The National Parks Traveler just published my latest article in their photography column. It’s titled “Photography in the National Parks: Make it a Macro Kind of Day” and deals with getting super close-ups using a macro lens or a macro-type gizmo. It’s a short, fun article. Check it out!
Category Archives: Close-Up Lens Filter
I recently received my December 2013 edition of Photoshop User. Within that edition is their “Gonzo Holiday Gear Guide”. Naturally that was the first thing I turned to upon opening up the magazine.
The Canon close-up lens filters were items reviewed in this gear guide. These can be used for a Canon or Nikkor lenses. It mentioned how fun these little items were and compared to a real dedicated macro lens, they can be purchased at a fraction of the cost. So I figured, why not?
These filters come in several thread sizes, and there are actually two different filters. The 250D (which is what I ordered) is good for focal lengths of between 30 – 135mm, while the 500D is good for focal lengths of 70 – 300mm.
I affixed the close-up lens filter to my Canon 40mm lens to create a light, easy to carry, pseudo-macro lens which I then used to photograph ornaments on my Christmas tree.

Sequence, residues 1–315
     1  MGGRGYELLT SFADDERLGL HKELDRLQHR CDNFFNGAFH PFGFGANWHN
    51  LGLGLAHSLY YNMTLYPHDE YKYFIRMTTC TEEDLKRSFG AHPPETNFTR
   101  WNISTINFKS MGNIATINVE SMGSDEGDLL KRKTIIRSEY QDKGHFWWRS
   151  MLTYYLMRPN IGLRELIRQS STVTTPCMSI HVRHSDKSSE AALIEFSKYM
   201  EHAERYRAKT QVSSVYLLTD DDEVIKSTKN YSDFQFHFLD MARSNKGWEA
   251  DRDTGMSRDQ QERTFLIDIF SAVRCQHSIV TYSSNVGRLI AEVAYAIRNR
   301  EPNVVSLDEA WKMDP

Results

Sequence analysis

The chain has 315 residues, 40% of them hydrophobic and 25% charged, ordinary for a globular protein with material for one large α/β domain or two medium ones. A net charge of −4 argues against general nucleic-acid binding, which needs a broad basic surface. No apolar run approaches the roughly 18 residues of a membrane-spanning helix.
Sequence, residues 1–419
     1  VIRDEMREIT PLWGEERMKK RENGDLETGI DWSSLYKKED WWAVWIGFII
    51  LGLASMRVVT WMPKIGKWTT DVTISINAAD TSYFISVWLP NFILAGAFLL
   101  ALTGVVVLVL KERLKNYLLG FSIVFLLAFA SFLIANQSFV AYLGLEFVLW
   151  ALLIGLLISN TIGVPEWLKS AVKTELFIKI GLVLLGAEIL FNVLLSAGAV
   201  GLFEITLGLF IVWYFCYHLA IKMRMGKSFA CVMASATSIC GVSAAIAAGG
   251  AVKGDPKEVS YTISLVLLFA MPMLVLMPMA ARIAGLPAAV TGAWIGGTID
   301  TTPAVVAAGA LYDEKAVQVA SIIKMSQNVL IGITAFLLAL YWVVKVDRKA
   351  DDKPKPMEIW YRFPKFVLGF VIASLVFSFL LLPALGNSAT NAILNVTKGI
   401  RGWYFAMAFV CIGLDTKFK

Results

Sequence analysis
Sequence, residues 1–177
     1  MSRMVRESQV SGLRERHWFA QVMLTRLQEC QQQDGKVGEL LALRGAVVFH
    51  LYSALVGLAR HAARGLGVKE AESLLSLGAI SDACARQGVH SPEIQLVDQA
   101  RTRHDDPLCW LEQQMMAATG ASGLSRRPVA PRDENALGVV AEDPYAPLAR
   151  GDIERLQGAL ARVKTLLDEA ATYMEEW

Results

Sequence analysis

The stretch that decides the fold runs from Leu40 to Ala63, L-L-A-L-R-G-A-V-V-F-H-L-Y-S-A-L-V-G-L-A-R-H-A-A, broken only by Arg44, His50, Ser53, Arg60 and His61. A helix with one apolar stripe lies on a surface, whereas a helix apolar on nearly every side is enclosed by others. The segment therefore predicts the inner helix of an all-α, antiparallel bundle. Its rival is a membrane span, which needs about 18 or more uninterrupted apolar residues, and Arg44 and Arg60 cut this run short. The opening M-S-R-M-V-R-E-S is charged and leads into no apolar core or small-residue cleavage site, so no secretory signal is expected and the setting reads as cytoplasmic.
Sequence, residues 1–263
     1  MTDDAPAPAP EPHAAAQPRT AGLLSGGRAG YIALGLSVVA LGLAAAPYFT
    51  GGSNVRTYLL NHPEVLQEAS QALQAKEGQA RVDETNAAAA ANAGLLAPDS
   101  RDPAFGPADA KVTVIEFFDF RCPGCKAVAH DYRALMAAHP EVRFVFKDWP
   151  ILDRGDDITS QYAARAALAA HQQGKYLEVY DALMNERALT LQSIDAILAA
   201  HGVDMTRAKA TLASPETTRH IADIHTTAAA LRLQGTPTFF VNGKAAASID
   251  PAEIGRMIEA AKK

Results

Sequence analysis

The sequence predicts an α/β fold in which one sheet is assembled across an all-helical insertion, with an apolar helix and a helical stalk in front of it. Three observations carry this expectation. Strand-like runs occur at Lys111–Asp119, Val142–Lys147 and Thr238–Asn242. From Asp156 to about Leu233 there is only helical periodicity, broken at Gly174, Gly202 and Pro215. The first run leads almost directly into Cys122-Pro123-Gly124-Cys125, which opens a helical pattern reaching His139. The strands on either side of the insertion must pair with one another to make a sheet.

All of the images you see of the ornaments in this blog post are totally un-cropped, so this should give you an idea of just how close I can maneuver my camera and lens to get these shots. Mind you, the depth of field (DOF) is pretty shallow (as you can see) and no, it’s not a dedicated macro. But, for what is essentially a magnifying glass (utilizing pretty good glass) that is light to use, easy to affix, easy to pack into a gear bag, and produces pretty darned good close up images, I’d say my $87 (this includes 2-day shipping) was well-spent. It’s going with me on my forthcoming December road trip to Big Bend National Park.